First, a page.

- Personal Property inventory (for insurance and other purposes) code scanned into personal finance software when entering. Later, scanned receipt images can then be automatically associated with the appropriate entries. Later, the barcodes can be used to rapidly weed out paper copies not required to be retained for tax or asset inventory purposes.
- If retailers put barcodes on receipts that allowed downloading an electronic copy or encoded the entire receipt in a 2D barcode, consumers could easily import data into personal finance, property inventory, and grocery management software. Receipts scanned on a scanner could be automatically identified and associated with the appropriate entries in finance and property inventory software.
- Consumer tracking from the retailer perspective (for example, loyalty card programs that track consumers purchases at the point of sale by having them scan a QR code).
A number of enterprise applications using cell phones are appearing:
- Access control (for example, ticket validation at venues), inventory reporting (for example, tracking deliveries), asset tracking (for example, anti-counterfeiting).
- Smartphones can be used in Google's mobile Android operating system via both their own Google Goggles application. Nokia's Symbian operating system features a barcode scanner which can scan barcodes, while mbarcode is a barcode reader for the Maemo operating system. In the Apple iOS, a barcode reader is not automatically included, but there are more than fifty free or paid apps available with both scanning capabilities and hard-linking to URI. With BlackBerry devices, the App World application can natively scan barcodes. Windows Phone 8 is able to scan barcodes through the Bing search app.
Barcode readers can be distinguished based on housing design as follows:
- Handheld scanner
- with a handle and typically a trigger button for switching on the light like this are used in factory and farm automation for quality management and shipping.
- PDA scanner (or Auto-ID PDA)
- a PDA with a built-in barcode reader or attached barcode scanner.
- Automatic reader
- a back office equipment to read barcoded documents at high speed (50,000/hour).
- Cordless scanner (or Wireless scanner)
- a cordless barcode scanner is operated by a battery fit inside it and is not connected to the electricity mains and transfer data to the connected device like PC.
Methods of connectionEdit
Early serial interfacesEdit
Early barcode scanners, of all formats, almost universally used the then-common RS-232 serial interface. This was an electrically simple means of connection and the software to access it is also relatively simple, although needing to be written for specific computers and their serial ports.
There are a few other less common interfaces. These were used in large EPOS systems with dedicated hardware, rather than attaching to existing commodity computers. In some of these interfaces, the scanning device returned a "raw" signal proportional to the intensities seen while scanning the barcode. This was then decoded by the host device. In some cases the scanning device would convert the symbology of the barcode to one that could be recognized by the host device, such as Code 39.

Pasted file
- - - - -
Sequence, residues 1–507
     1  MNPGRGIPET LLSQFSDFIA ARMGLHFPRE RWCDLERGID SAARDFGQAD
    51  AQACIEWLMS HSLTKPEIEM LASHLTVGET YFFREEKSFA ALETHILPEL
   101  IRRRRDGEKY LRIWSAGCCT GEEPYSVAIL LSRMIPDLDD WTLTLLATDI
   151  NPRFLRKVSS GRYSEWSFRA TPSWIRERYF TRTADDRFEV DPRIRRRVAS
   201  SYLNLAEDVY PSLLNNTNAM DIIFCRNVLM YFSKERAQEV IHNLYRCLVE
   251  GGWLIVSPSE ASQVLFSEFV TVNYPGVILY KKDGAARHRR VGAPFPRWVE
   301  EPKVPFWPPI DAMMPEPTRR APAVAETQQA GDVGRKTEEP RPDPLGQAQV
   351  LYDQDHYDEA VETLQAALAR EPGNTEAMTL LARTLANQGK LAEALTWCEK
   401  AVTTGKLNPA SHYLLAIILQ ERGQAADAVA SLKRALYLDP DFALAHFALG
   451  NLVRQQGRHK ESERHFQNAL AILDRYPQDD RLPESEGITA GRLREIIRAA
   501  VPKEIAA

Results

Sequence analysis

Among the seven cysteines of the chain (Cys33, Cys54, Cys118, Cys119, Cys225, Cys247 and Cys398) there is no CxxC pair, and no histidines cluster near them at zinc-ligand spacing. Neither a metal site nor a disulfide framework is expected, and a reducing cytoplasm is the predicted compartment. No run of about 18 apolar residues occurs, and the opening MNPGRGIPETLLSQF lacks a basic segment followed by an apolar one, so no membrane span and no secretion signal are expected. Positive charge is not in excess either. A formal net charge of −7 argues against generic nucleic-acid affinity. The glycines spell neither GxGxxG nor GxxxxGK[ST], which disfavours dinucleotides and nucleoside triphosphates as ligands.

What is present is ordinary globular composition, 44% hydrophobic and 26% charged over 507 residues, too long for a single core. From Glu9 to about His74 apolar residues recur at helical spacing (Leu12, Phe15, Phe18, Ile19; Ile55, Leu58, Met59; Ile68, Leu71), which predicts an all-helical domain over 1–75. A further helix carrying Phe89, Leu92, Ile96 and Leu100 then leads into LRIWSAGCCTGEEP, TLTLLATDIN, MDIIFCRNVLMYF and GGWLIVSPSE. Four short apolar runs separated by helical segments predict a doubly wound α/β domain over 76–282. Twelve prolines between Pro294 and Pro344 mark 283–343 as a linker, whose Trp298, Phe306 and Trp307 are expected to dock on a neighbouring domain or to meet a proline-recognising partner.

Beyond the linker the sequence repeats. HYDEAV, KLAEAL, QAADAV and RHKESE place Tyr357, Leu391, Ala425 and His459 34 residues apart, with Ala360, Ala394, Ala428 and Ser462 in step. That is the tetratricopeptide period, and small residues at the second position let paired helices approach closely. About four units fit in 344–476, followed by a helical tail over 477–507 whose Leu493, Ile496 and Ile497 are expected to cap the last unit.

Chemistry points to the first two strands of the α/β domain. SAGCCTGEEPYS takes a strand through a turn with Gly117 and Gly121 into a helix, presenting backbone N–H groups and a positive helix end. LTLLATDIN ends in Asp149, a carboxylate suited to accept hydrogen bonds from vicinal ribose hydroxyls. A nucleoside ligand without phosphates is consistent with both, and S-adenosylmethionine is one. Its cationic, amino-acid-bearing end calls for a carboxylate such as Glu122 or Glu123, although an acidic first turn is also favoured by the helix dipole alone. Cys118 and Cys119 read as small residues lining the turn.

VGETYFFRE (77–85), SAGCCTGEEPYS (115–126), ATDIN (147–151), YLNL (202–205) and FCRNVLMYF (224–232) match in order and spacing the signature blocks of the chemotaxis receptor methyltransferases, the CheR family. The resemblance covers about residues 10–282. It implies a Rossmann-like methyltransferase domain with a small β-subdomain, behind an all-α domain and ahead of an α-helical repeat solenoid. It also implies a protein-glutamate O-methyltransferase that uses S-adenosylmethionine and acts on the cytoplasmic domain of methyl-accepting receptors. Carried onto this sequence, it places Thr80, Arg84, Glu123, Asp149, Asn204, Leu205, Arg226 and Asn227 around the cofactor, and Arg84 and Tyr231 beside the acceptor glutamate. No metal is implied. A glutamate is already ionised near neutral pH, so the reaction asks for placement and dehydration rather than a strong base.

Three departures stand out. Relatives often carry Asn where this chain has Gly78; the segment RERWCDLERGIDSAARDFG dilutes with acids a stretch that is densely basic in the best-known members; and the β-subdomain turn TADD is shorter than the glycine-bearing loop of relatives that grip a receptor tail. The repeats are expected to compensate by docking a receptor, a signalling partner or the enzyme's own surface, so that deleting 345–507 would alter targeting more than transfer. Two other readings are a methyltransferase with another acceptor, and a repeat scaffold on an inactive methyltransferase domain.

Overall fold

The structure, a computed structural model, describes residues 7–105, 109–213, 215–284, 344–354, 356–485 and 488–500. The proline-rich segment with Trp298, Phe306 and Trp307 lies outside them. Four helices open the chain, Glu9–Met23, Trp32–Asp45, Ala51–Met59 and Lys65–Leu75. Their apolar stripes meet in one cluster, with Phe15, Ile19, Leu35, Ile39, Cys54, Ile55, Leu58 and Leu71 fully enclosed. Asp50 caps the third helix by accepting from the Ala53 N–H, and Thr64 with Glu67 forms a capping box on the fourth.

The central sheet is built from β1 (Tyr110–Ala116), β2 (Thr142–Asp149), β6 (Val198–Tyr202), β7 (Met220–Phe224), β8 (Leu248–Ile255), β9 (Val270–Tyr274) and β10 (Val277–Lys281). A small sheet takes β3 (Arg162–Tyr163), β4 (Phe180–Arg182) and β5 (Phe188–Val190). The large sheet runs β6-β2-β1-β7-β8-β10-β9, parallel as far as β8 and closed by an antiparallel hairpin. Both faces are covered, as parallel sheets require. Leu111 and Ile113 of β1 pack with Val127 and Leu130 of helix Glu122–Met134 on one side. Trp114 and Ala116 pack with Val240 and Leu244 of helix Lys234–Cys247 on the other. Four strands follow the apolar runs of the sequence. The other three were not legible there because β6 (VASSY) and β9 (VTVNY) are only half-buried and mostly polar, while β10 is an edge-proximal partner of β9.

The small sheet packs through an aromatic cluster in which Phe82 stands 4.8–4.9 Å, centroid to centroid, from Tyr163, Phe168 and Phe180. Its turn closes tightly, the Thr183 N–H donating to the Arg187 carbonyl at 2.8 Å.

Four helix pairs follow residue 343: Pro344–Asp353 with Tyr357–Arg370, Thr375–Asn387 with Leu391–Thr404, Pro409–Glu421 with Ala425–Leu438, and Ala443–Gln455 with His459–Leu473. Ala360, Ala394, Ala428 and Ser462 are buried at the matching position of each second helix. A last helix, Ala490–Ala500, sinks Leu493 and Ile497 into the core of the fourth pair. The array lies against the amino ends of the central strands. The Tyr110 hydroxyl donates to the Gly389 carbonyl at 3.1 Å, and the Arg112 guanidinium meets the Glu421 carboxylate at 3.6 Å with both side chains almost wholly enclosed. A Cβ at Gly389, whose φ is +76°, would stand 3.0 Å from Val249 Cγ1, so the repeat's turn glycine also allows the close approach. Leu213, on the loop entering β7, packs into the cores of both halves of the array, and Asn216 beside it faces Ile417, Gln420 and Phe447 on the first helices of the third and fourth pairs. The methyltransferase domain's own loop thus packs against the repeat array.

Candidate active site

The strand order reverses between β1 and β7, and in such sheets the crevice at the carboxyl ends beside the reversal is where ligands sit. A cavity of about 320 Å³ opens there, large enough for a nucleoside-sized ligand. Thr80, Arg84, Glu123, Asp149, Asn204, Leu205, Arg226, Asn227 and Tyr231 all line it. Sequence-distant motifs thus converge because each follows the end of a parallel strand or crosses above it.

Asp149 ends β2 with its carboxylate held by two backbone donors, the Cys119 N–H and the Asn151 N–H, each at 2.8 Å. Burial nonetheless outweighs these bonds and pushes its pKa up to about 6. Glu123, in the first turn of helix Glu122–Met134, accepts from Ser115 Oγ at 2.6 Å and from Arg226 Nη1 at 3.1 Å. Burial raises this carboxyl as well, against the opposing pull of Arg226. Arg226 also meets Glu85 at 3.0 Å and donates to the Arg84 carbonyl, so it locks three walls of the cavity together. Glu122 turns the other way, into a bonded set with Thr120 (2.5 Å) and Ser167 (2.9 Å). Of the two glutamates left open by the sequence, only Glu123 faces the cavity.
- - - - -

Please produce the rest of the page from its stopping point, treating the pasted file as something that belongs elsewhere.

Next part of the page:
With the popularity of the PC and its standard keyboard interface, it became ever easier to connect physical hardware to a PC and so there was commercial demand similarly to reduce the complexity of the associated software. "Keyboard wedge" hardware plugged between the PS/2 port and the keyboard, with characters from the barcode scanner appearing exactly as if they had been typed at the keyboard. This made the addition of simple barcode reading abilities to existing programs very easy, without any need to change them, although it did require some care by the user and could be restrictive in the content of the barcodes that could be handled.
Later barcode readers began to use USB connectors rather than the keyboard port, as this became a more convenient hardware option. To retain the easy integration with existing programs, a device driver called a "software wedge" could be used, to emulate the keyboard-impersonating behavior of the old "keyboard wedge" hardware.
Some modern handheld barcode readers can be operated in wireless networks according to IEEE 802.11g (WLAN) or IEEE 802.15.1 (Bluetooth). Some barcode readers also support radio frequencies viz. 433 MHz or 910 MHz. Readers without external power sources require their batteries be recharged occasionally, which may make them unsuitable for some uses.
The scanner resolution is measured by the size of the dot of light emitted by the reader. If this dot of light is wider than any bar or space in the bar code, then it will overlap two elements (two spaces or two bars) and it may produce wrong output. On the other hand, if a too small dot of light is used, then it can misinterpret any spot on the bar code making the final output wrong.
The most commonly used dimension is 13 thou (0.013 in or 0.33 mm), although some scanners can read codes with dimensions as small as 3 thou (0.003 in or 0.075 mm). Most manufacturers advertise bar code resolution in mil, which is interchangeable with thou. Smaller bar codes must be printed at high resolution to be read accurately.
- Roger C. Palmer. The Bar Code Book.
- Barcode reading apps for enterprise, codeREADr.com, 2010.
|Wikimedia Commons has media related to Barcode scanners.|